We were shown two tunnel entrances at the grounds of Alexandra Hospital – no one knows where these tunnels lead to – they are not open for public exploration at the moment.
In summary, tour participants can look forward to many impressive landmarks such as Alexandra Hospital, Princess House, the former Archipelago Brewery Company, the first HDB Point Blocks and bunkers along Kay Siang Road. Expect a lot of walking – this tour covers quite a distance all the way from the starting point at Queenstown MRT to Alexandra Hospital (near Queensway and IKEA).
Approximate duration: 3 hours (9am to 12pm). Please arrive at Queenstown MRT Station 10 minutes before 9am. The trail guides will be wearing yellow T-shirts with the distinctive CROWN logo.
This trail may be ticketed at about $2-$5 in the near future so sign up for it now since it is free! But the tour is always sold out so do check out their facebook for the latest tour updates.
- Wear comfortable clothes (preferably long pants) and shoes.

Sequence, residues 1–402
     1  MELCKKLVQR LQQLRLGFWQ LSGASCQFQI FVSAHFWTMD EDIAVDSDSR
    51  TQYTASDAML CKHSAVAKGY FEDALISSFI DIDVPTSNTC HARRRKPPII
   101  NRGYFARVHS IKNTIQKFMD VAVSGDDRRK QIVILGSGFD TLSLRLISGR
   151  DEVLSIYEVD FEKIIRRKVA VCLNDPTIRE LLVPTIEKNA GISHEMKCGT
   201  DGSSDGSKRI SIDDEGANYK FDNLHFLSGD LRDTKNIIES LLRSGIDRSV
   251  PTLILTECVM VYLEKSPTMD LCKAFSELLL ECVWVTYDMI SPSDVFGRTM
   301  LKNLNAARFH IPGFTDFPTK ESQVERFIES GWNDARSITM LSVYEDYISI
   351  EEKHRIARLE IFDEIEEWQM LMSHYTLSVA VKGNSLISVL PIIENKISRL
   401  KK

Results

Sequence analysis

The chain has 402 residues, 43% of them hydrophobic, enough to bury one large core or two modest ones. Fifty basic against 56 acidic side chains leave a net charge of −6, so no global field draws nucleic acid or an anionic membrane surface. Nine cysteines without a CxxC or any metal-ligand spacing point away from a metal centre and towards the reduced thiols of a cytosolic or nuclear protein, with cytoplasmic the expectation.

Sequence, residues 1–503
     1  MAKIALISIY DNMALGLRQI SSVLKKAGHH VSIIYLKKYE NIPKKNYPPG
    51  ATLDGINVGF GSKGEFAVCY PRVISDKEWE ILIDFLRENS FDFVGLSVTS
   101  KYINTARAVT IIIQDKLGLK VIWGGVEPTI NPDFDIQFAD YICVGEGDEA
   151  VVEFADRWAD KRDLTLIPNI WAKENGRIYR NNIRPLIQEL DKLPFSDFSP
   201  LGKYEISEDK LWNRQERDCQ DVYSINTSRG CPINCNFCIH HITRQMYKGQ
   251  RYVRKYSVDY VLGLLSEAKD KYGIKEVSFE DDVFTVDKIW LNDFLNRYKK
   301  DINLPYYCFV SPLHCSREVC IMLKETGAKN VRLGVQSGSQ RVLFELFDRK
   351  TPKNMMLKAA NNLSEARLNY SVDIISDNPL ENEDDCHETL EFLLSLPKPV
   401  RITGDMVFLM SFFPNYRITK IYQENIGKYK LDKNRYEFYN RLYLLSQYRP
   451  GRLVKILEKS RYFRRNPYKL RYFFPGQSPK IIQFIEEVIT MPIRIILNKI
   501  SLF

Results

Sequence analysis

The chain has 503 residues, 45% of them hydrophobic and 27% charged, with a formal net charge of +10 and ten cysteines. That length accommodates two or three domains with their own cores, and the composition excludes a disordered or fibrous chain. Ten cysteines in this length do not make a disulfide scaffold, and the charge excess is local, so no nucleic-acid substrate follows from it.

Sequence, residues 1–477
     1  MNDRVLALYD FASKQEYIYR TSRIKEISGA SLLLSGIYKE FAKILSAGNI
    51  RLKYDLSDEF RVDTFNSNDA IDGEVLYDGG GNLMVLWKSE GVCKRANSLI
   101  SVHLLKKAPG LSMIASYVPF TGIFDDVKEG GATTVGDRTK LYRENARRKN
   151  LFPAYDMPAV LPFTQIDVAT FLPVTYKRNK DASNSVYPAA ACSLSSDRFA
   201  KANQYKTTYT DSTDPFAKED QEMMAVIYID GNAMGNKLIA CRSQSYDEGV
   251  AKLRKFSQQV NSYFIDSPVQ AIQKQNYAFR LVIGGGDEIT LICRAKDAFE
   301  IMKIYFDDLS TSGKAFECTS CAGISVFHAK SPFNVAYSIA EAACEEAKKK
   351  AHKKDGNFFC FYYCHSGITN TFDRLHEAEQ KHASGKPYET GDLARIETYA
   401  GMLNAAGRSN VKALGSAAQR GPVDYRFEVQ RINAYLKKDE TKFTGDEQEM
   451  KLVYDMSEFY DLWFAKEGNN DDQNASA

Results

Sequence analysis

- Bring along insect repellent, EZ-Link card, a bottle of water and an umbrella
- Asthmatic patients are encouraged to bring their inhaler
Guided tours will be cancelled in the event of heavy rain. You will be informed by email or SMS. Guided tours will continue in the event of light rain.
The Dawson and Alexandra Heritage Tour is part of the My Queenstown Heritage Trail series and the trail is opened to the public and interested participants can register for the free, guided tour, which takes place on the last Saturday of every month, through www.myqueenstown.eventbrite.sg, [email protected] or call Queenstown Community Centre at 64741681.